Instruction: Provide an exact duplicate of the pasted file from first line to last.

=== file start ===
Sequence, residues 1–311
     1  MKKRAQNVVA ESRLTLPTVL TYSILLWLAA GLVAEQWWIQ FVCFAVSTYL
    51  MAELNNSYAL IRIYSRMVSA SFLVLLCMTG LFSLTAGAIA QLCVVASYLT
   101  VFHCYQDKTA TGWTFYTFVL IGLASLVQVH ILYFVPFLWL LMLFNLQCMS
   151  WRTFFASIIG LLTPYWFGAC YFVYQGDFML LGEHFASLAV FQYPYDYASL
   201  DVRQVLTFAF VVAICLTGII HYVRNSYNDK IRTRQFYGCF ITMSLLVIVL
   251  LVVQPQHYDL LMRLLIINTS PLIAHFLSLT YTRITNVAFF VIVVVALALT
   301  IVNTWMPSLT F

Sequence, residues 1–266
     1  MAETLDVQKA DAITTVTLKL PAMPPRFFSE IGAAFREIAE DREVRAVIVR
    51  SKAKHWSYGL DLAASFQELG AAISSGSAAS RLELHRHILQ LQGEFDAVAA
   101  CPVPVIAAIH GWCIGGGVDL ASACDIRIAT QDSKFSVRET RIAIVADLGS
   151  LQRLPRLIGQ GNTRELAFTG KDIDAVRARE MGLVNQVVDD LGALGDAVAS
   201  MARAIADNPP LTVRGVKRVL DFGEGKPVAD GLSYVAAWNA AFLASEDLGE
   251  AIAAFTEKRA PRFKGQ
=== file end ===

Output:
Sequence, residues 1–311
     1  MKKRAQNVVA ESRLTLPTVL TYSILLWLAA GLVAEQWWIQ FVCFAVSTYL
    51  MAELNNSYAL IRIYSRMVSA SFLVLLCMTG LFSLTAGAIA QLCVVASYLT
   101  VFHCYQDKTA TGWTFYTFVL IGLASLVQVH ILYFVPFLWL LMLFNLQCMS
   151  WRTFFASIIG LLTPYWFGAC YFVYQGDFML LGEHFASLAV FQYPYDYASL
   201  DVRQVLTFAF VVAICLTGII HYVRNSYNDK IRTRQFYGCF ITMSLLVIVL
   251  LVVQPQHYDL LMRLLIINTS PLIAHFLSLT YTRITNVAFF VIVVVALALT
   301  IVNTWMPSLT F

Sequence, residues 1–266
     1  MAETLDVQKA DAITTVTLKL PAMPPRFFSE IGAAFREIAE DREVRAVIVR
    51  SKAKHWSYGL DLAASFQELG AAISSGSAAS RLELHRHILQ LQGEFDAVAA
   101  CPVPVIAAIH GWCIGGGVDL ASACDIRIAT QDSKFSVRET RIAIVADLGS
   151  LQRLPRLIGQ GNTRELAFTG KDIDAVRARE MGLVNQVVDD LGALGDAVAS
   201  MARAIADNPP LTVRGVKRVL DFGEGKPVAD GLSYVAAWNA AFLASEDLGE
   251  AIAAFTEKRA PRFKGQ